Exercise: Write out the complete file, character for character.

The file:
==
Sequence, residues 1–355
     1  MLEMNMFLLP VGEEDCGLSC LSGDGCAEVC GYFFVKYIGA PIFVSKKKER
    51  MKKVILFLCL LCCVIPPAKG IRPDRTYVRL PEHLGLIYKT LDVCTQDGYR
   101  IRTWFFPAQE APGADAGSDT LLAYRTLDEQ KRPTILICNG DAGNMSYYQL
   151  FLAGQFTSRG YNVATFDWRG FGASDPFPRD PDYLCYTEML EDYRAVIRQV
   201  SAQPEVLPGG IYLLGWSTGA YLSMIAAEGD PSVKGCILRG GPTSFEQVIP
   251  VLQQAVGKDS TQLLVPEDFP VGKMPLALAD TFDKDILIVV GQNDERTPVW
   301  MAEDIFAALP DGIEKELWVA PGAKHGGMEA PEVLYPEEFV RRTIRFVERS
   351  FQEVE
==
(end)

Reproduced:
Sequence, residues 1–355
     1  MLEMNMFLLP VGEEDCGLSC LSGDGCAEVC GYFFVKYIGA PIFVSKKKER
    51  MKKVILFLCL LCCVIPPAKG IRPDRTYVRL PEHLGLIYKT LDVCTQDGYR
   101  IRTWFFPAQE APGADAGSDT LLAYRTLDEQ KRPTILICNG DAGNMSYYQL
   151  FLAGQFTSRG YNVATFDWRG FGASDPFPRD PDYLCYTEML EDYRAVIRQV
   201  SAQPEVLPGG IYLLGWSTGA YLSMIAAEGD PSVKGCILRG GPTSFEQVIP
   251  VLQQAVGKDS TQLLVPEDFP VGKMPLALAD TFDKDILIVV GQNDERTPVW
   301  MAEDIFAALP DGIEKELWVA PGAKHGGMEA PEVLYPEEFV RRTIRFVERS
   351  FQEVE